Search by keywords

Browse by categories

Hudson’s Bay Company


Since 1670

Blanket, Hudson's Bay Company, 1900-1925. Gift of Norman M. Scott, Esq., M975.27 © McCord Museum

Hudson’s Bay Company (HBC) is a publicly traded Canadian company active in the retail sector and real estate. Although it owns several department store chains outside the country, its name is primarily associated with Hudson’s Bay stores.

In addition to offering a range of international brands of clothing, accessories, furniture, appliances, cosmetics and toys at a variety of price points, HBC produces its own extensive collection of heritage-inspired home products featuring the blue, yellow, red and green stripes of its iconic wool blankets that were bartered during the 19th century fur trade.

HBC has also been a partner of the Canadian Olympic Committee since 2005. As such, the company is in charge of creating the national collections worn by athletes during the Olympic, Paralympic and Pan-American Games, along with the Team Canada replica wear sold in the stores to the general public.

Early days

Although HBC is the oldest publicly traded company in the English-speaking world, it was actually founded by two Frenchmen, Pierre-Esprit Radisson and Médart Chouart, in the 17th century.

Convinced that the route to a wealth of fur lay through Hudson Bay, they asked King Charles II of England to finance their expeditions.

Officially created in 1670 under a Royal Charter, their company traded in Hudson Bay and was called the Company of Adventurers of England.

The Company established a number of forts and trading posts around the James and Hudson bays, a territory then known as Rupert’s Land. Trappers would trade their furs for manufactured goods. In 1821, the Company merged with its main rival, the North West Company, which enabled it to extend its activities over a large part of North America.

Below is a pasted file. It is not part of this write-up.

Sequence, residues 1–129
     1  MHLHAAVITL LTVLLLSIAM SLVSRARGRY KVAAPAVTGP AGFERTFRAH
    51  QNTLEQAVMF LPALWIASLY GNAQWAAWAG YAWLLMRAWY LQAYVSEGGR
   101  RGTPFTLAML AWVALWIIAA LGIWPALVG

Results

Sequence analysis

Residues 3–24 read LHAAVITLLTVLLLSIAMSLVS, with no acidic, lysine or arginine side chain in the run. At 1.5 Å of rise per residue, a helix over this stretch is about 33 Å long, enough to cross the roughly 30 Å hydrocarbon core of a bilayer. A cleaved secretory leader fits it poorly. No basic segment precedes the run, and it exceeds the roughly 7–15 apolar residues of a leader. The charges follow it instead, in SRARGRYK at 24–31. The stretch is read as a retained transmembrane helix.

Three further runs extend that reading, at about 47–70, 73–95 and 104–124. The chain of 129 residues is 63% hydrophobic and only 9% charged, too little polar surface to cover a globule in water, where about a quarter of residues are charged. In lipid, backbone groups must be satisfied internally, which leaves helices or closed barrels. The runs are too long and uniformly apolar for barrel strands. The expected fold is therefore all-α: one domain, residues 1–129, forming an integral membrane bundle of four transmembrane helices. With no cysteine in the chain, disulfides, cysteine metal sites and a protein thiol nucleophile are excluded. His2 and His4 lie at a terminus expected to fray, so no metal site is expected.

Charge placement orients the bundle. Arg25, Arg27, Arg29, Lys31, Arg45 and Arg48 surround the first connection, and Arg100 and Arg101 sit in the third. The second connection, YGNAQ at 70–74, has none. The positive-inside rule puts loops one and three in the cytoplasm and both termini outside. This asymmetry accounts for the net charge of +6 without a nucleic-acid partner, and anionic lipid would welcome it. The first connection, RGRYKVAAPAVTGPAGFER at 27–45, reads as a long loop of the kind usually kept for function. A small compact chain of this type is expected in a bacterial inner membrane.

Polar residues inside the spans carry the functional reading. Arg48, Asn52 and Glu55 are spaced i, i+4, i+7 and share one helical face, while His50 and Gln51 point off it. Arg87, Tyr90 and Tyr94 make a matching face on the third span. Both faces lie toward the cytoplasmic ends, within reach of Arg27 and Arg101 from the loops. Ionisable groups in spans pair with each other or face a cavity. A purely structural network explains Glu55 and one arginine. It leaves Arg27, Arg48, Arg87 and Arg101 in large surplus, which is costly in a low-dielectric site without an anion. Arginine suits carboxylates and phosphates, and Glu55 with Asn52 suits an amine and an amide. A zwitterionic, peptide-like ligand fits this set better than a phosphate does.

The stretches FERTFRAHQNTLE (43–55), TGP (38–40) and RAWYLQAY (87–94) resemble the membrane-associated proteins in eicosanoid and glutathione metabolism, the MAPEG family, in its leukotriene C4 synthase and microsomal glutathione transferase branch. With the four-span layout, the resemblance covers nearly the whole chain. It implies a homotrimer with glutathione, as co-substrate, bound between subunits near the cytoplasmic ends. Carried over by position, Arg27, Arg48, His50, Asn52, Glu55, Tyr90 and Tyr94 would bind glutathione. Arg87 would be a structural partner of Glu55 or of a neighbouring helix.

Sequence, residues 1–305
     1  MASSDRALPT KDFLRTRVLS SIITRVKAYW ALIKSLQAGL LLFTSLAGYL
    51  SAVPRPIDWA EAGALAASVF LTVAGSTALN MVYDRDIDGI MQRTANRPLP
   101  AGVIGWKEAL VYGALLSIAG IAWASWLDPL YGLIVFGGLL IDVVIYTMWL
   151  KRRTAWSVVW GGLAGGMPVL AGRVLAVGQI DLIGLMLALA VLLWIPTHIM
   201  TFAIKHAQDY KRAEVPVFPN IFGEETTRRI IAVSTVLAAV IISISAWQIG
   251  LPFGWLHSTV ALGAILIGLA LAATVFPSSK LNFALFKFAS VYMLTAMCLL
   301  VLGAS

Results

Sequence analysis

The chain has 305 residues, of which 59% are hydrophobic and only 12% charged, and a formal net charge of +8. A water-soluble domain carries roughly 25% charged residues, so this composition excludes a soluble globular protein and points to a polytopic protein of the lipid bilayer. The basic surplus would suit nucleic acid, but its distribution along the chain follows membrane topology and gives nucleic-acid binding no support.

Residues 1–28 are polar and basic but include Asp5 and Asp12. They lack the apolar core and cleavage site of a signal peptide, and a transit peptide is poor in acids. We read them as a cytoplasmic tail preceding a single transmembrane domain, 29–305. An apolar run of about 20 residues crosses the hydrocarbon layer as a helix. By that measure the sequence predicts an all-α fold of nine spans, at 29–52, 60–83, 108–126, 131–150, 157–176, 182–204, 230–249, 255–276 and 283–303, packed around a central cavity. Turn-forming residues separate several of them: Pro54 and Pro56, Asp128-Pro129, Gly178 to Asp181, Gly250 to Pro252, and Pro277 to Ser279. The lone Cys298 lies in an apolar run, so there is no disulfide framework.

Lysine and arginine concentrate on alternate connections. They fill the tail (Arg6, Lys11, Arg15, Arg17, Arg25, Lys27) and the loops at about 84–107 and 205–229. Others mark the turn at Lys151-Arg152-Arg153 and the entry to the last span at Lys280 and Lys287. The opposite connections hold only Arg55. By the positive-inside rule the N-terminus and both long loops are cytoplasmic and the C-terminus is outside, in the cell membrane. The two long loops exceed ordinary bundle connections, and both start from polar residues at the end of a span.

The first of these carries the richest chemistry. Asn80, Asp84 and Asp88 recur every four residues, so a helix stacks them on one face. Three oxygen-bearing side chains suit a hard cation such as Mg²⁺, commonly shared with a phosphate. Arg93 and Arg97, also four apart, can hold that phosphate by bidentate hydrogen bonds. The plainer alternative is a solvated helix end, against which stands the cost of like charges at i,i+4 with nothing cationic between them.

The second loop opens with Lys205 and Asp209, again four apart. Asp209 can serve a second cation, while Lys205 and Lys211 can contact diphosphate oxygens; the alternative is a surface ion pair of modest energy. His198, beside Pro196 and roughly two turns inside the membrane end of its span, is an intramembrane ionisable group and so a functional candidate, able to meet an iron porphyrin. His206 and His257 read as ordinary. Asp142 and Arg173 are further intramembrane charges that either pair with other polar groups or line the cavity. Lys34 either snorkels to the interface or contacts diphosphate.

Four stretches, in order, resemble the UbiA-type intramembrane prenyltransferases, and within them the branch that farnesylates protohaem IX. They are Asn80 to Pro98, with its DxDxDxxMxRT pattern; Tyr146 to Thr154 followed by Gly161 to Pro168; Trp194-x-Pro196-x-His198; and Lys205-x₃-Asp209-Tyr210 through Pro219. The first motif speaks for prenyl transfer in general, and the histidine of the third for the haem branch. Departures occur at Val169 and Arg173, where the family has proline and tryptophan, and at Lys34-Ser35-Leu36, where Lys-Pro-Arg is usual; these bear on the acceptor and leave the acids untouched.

Boots, 1900-1930. ME957.1.1-2 © McCord Museum

From the fur trade to retail

When the Hudson’s Bay Company lost its trading monopoly in Rupert’s Land following the 1870 Deed of Surrender, it decided to focus on the retail trade by transforming its trading posts into stores.

From that moment on, these businesses no longer bartered for goods but sold their own merchandise.

In 1881, HBC came out with its first mail-order catalogue in order to reach rural customers, who at that time represented the majority of citizens in the country.

Diversification and acquisitions

The Company has often operated in sectors other than retailing. During the First World War (1914-1918), it supplied France with food and ammunition. Later, it acquired fisheries in Newfoundland, operated oil fields in Alberta, opened wholesale offices in Paris and New York, and sold farmland in Western Canada.

Hit hard by the stock market crash of 1929, HBC nonetheless acquired competitors like Révillion Frères, Lamson & Hubbard and the Canalaska Trading Company. The 1960 purchase of the Henry Morgan Company, which operated ten department stores in Toronto, Montreal, Hamilton and Ottawa, offered HBC new inroads into retailing. To give its stores a uniform image across the country, in 1965 HBC decided to group them all under the name The Bay in English-speaking provinces, and La Baie in Quebec.

Eager to develop new markets, HBC purchased Canadian retailers Zellers and Simpsons in 1978 and 1979, before the Thomson Group purchased 75% of HBC. In 1981, the challenging economic climate forced the company to refocus on retail and real estate. In all, the company sold off 12 wholly or partially owned corporations, including Roxy Petroleum.

Technology and renaissance

The arrival of the new millennium coincided with HBC’s embrace of technology as it launched its first e-commerce site in 2000.

In 2013, the company updated its logo again and rebranded The Bay (La Baie) stores, calling them Hudson’s Bay (La Baie d’Hudson).

As of 2018, HBC is the owner of the North American department stores Hudson’s Bay, Lord & Taylor, Saks Fifth Avenue and Saks OFF 5TH. It also owns the Galeria Kaufhof chain of department stores in Germany along with its Belgian subsidiary Galeria Inno. HBC itself is now held by the American investment firm National Realty and Development Corporation (NRDC) Equity Partners.

Sources External link

“About National Realty & Development Corp.” National Realty & Development Corp., National Realty & Development Corp., 2018. External link

“Compagnie de la Baie d’Hudson.” Répertoire du patrimoine culturel du Québec, Gouvernement du Québec, 2013, External link

“History of HBC.” Hudson’s Bay Company, Hudson’s Bay Company (HBC),, 2018. External link

Publication date





Madeleine Goubau, Collaborator

Last edited on
01/02/2019 Suggest an edit